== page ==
The Find Subnetworks pane allows you to locate and work with subnetworks in a map. For example, you can select a subnetwork so that it visually stands out on a map. Highlighting a specific subnetwork can be helpful for clarity while editing, as it helps you distinguish paths in dense areas. It can also be used to draw focus to the subnetwork of interest in large-scale maps.
By default, the Find Subnetworks pane presents a list of all subnetworks present on the active map with a record in the SubnetLine feature class. This list can be filtered by map extent or by querying the subnetworks table. The subnetwork you select from this list becomes the active subnetwork when you click the Activate button. The active subnetwork remains visible on a map, while all other subnetworks have a transparency applied. In addition to network features, the SubnetLine feature for the active subnetwork is also highlighted while all others have the transparency applied.
In the list of subnetworks, the presence of an icon in the Status column indicates that the subnetwork is either dirty or invalid.
- A yellow warning icon indicates that the subnetwork is dirty. This means that changes have been made to the subnetwork since the last time it was updated.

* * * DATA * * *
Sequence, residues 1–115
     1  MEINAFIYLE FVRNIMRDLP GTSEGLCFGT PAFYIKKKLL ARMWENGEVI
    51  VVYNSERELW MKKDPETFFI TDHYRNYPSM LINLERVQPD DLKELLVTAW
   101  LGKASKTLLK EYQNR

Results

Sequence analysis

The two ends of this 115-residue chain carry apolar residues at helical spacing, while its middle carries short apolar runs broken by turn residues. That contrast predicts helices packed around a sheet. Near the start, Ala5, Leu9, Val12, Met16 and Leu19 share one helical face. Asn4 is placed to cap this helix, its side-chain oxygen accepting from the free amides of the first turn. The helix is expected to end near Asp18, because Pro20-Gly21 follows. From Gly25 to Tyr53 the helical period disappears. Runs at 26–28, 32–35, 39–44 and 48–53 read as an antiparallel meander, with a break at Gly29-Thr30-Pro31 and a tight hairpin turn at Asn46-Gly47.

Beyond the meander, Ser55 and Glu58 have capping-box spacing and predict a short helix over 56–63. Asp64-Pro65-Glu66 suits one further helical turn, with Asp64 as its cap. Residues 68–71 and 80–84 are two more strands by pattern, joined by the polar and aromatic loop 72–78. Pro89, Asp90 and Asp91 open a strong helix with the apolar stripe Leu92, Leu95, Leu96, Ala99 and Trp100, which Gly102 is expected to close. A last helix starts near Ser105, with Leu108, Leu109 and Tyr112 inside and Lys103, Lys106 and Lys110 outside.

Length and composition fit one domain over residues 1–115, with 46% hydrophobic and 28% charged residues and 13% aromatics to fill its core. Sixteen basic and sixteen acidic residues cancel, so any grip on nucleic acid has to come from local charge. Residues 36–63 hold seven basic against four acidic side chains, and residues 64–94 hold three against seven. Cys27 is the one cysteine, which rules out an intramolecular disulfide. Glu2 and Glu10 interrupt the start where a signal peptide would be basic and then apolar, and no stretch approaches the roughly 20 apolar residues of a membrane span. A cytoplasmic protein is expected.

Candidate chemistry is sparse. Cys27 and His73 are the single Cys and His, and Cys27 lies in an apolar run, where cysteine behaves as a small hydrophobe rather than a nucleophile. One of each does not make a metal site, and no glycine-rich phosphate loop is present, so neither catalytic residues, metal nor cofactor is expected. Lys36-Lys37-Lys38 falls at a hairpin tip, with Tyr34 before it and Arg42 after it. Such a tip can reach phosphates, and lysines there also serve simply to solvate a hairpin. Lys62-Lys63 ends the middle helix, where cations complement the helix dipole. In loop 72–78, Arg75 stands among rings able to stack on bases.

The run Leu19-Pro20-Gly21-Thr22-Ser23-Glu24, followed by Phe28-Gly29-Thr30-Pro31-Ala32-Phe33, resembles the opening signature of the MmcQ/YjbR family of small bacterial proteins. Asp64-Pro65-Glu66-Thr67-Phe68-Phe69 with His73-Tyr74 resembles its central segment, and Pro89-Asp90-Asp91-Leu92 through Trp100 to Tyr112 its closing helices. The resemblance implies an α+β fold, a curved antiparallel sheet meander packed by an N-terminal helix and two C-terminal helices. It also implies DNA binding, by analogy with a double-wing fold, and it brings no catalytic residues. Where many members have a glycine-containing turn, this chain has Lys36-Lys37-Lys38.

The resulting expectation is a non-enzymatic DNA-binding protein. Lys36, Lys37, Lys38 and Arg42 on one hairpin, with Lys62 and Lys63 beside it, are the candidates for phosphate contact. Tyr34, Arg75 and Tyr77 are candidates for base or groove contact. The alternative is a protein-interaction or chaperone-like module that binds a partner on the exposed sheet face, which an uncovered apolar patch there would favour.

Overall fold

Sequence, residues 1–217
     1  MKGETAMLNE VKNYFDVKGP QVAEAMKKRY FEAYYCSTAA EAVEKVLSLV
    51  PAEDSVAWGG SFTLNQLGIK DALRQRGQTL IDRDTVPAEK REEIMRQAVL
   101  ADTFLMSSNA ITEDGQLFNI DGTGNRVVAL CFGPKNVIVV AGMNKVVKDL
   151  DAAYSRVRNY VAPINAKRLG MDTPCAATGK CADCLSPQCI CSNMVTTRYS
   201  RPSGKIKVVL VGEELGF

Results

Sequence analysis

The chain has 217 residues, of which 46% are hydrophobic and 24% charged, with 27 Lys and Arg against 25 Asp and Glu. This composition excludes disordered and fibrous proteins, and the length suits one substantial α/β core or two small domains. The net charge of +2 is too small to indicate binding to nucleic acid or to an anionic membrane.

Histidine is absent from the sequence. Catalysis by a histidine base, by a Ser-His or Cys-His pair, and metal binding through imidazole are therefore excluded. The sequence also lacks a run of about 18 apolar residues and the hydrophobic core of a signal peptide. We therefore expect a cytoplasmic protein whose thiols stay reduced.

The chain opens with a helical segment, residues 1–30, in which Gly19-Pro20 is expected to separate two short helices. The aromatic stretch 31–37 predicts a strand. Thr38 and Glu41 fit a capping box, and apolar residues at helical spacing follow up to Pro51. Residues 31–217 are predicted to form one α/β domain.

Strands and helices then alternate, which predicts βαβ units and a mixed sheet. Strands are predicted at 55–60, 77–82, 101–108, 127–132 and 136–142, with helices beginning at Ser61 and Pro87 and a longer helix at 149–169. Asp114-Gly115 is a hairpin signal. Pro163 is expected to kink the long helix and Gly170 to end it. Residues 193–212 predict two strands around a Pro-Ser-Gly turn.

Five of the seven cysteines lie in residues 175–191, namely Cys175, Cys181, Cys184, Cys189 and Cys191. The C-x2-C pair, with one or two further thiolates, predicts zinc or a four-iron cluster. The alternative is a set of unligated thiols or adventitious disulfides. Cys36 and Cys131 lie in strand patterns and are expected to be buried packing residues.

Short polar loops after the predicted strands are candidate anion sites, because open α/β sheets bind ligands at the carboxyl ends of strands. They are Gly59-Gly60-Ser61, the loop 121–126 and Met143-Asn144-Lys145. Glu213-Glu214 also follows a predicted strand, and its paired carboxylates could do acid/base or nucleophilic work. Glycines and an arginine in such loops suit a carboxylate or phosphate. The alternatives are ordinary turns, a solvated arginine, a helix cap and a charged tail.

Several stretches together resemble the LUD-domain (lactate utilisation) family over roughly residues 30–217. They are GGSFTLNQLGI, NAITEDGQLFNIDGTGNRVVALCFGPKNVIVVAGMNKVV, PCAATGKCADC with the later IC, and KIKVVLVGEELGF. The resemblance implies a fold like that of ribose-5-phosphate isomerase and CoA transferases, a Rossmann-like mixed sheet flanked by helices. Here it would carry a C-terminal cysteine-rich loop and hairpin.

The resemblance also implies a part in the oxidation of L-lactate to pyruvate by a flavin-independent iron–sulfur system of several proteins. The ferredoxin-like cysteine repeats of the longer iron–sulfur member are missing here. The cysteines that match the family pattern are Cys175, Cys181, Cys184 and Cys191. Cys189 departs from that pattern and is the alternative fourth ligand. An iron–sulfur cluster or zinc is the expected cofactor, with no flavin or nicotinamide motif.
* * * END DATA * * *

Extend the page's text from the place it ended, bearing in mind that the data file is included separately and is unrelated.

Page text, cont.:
- A red warning icon indicates that the subnetwork is invalid. This is displayed when either a subnetwork error is created or a validate consistency failure is encountered during the update operation.
Caution:Activating a dirty or invalid subnetwork may yield unexpected results. For example, if an edit event disconnects a section of the subnetwork, the subnetwork name remains on the disconnected features until the subnetwork is updated. In this case, the disconnected features would remain highlighted and appear as part of the active subnetwork.
To learn more, see Find a subnetwork.
A subnetwork will not appear in the Find Subnetworks pane if the subnetwork has never been updated by the Update Subnetwork tool or if one or more of its subnetwork controllers are not connected to any other features.
To determine why a subnetwork does not appear in the pane, do the following:
- Check the Last Updated Subnetwork attribute in the Subnetworks table. If NULL is present, it means that your subnetwork has never been updated. You can confirm this by verifying that there is no shape associated with the subnetwork in the SubnetLine class. Update the subnetwork from the Find Subnetworks pane or run the Update Subnetwork geoprocessing tool to update the subnetwork of interest.
- Check the Is Connected attribute of the feature or features directly connected to the subnetwork controller or controllers defining the subnetwork of interest.
An active subnetwork is composed of features with the active subnetwork's name in their Subnetwork Name attribute. This includes features that participate in multiple subnetworks with concatenated subnetwork names separated by two colons, for example, subnetwork1::subnetwork2.